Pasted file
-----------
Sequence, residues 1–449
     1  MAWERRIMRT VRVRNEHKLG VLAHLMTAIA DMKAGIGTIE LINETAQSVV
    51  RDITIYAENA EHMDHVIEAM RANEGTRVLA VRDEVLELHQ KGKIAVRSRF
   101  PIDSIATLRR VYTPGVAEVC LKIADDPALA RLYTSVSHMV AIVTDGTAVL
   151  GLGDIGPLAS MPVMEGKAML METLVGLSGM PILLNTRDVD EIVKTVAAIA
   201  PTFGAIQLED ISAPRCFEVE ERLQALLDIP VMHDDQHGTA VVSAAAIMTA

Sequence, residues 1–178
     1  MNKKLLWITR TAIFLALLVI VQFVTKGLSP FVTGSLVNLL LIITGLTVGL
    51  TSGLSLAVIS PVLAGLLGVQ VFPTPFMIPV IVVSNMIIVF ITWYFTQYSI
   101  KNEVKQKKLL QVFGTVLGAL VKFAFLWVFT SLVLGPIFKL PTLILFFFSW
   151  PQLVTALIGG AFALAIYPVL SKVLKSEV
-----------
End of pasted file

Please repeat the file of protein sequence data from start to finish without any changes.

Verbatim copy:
Sequence, residues 1–449
     1  MAWERRIMRT VRVRNEHKLG VLAHLMTAIA DMKAGIGTIE LINETAQSVV
    51  RDITIYAENA EHMDHVIEAM RANEGTRVLA VRDEVLELHQ KGKIAVRSRF
   101  PIDSIATLRR VYTPGVAEVC LKIADDPALA RLYTSVSHMV AIVTDGTAVL
   151  GLGDIGPLAS MPVMEGKAML METLVGLSGM PILLNTRDVD EIVKTVAAIA
   201  PTFGAIQLED ISAPRCFEVE ERLQALLDIP VMHDDQHGTA VVSAAAIMTA

Sequence, residues 1–178
     1  MNKKLLWITR TAIFLALLVI VQFVTKGLSP FVTGSLVNLL LIITGLTVGL
    51  TSGLSLAVIS PVLAGLLGVQ VFPTPFMIPV IVVSNMIIVF ITWYFTQYSI
   101  KNEVKQKKLL QVFGTVLGAL VKFAFLWVFT SLVLGPIFKL PTLILFFFSW
   151  PQLVTALIGG AFALAIYPVL SKVLKSEV